About the First Days on the Hayduke Trail . . . And Adjusting Expectations

Hayduke Trail Northern Terminus, Arches National Park to Highway 95/Hanksville, Utah

Hayduke Trail, Days 1-11

I’m not sure where to begin describing the experience so far of hiking the Hayduke Trail. It has been some of the most challenging and exhilarating moments of all my outdoor experiences wrapped up into one. Instead of a straight forward trail it is a series of obstacles and problem solving that force you to stop, evaluate, calculate risk, trust your own abilities and your partner’s, and make the best decision possible with the information you have available.

The trail humbled us from the first day as we bushwhacked through the Courthouse Wash in Arches National Park, running out of daylight and not getting as far as we had planned for the day. It slowly dawned on us that this was not your normal thru hike – our pace would be slower as we walked from washes to canyons to 4WD roads to cross country navigation.

The first major obstacle was a massive wind storm that came thru our third night. Salt Lake City reported gusts up to 110mph. After getting pelted with wind, sand, and rocks in our tents for over 5 hours, my tent poles finally gave way leaving me in a flurry of denier fabric and sand swirling around me as I held up the tent with one hand and shoved my belongings in my backpack and sleeping bag with the other. I ran to Kasey’s tent as the snow started falling and we settled in for another 4 hours of restless sleep and bracing his tent with each gust.

The next morning we started the hike back to Moab – 16 miles of walking and 4 unique hitches later we were back in town to breathe, buy a new tent, and figure out next steps. Because of the remoteness of the trail and difficulty of getting back to where we were the might of the storm we decided to skip about 26 miles of the route to our next resupply point at Needles Outpost outside of Canyonlands National Park. The best thing about this decision is that we had the amazing opportunity to get a ride to Needles from one of the Hayduke Trail creators himself, Mike Coronella. We grilled him with questions and soaked in the chance to listen and learn from the person who originally had a dream of this route. One of the things that stood out during that drive was Mike’s comment, “The Hayduke isn’t a thru hike. It’s an experience.” SO. TRUE. I have felt this numerous times the past 10 days.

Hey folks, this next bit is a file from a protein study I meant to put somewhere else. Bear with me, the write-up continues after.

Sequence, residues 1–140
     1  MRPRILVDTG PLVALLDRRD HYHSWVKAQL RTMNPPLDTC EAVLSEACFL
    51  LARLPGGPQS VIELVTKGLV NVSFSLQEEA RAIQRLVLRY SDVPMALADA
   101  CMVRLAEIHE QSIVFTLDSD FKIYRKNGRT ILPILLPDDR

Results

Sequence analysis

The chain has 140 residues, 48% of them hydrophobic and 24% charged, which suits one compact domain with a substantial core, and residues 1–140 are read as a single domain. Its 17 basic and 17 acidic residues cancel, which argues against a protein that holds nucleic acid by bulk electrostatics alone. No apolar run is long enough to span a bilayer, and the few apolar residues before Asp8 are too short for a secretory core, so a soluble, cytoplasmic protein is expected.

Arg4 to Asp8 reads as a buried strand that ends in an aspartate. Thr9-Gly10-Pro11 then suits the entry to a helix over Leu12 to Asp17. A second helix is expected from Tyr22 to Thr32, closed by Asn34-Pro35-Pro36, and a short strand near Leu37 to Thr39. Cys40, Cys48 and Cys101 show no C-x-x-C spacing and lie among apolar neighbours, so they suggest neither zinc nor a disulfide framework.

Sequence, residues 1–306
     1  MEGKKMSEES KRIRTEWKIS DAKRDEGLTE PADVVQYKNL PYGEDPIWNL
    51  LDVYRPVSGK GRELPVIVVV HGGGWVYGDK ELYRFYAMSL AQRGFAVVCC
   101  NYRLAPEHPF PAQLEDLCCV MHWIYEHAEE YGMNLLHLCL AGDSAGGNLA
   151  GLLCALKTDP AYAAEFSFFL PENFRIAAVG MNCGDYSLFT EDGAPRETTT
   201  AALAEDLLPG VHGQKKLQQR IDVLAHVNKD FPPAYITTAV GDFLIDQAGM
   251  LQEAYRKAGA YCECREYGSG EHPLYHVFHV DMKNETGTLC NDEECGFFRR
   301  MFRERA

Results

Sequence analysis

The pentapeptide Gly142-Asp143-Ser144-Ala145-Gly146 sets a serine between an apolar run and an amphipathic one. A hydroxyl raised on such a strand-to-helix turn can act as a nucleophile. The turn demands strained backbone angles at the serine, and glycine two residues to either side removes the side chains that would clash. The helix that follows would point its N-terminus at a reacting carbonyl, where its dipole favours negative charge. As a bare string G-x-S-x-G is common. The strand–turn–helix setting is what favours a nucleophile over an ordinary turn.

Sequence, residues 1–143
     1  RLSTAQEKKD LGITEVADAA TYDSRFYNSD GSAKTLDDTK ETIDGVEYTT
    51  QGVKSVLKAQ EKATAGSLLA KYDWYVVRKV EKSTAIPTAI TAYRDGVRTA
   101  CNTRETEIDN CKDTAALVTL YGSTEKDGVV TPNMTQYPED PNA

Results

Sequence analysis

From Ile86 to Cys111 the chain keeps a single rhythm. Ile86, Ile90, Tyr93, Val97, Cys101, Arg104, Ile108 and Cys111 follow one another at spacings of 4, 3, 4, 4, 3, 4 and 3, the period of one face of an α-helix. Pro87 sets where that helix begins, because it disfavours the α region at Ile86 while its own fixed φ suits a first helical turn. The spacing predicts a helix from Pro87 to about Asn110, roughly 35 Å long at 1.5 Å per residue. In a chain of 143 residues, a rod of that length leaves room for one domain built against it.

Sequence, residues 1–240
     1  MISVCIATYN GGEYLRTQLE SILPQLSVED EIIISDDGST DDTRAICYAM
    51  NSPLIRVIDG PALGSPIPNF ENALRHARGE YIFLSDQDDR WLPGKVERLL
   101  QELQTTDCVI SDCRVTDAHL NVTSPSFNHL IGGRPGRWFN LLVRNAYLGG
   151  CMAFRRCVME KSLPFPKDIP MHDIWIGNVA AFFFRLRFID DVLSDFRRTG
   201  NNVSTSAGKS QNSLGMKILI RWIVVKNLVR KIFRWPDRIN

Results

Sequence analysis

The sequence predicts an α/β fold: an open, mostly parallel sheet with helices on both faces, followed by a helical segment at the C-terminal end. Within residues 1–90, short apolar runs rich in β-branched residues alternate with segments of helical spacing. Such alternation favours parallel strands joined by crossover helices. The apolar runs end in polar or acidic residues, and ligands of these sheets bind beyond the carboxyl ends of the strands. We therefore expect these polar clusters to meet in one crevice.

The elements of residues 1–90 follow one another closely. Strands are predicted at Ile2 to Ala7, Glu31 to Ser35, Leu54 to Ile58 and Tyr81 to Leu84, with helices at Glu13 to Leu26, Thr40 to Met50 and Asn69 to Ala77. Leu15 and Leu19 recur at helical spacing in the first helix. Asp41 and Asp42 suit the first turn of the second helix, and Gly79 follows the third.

Returning to the trail, we traveled through the glorious Canyonlands National Park as the afternoon sun slowly turned to dusk. The next day involved maneuvering through Young’s Canyon up and down numerous huge pour offs. I’m still recovering from the excitement and chaos of this section so if you want to read more check out Kasey’s facebook post (which I’m having trouble hyperlinking on the ol’ iPhone so look up Kasey Lawson).

Following Young’s Canyon was a day of hiking the incredible Dark Angel Canyon finding our way along shelves above the river. Getting out of Dark Angel was only possible via a 1200 foot climb in less than a mile. That night we arrived at Hite Marina near Lake Powell. There were bathrooms and running water at the visitor center so . . . We stayed the night!

After holding it together the past few days and feeling out of my element, I had a little freak out moment that night. The mental and emotional exertion of this trail was more than the physical exertion. I know I can physically hike long distances but I questioned my ability to handle the mental fortitude the Hayduke and the desert were asking of me. After a night of good sleep and processing what was going on I knew I wanted to keep going. I actually had enjoyed the challenge of the trail so far but was not used to being pushed out of my comfort zone so much each day.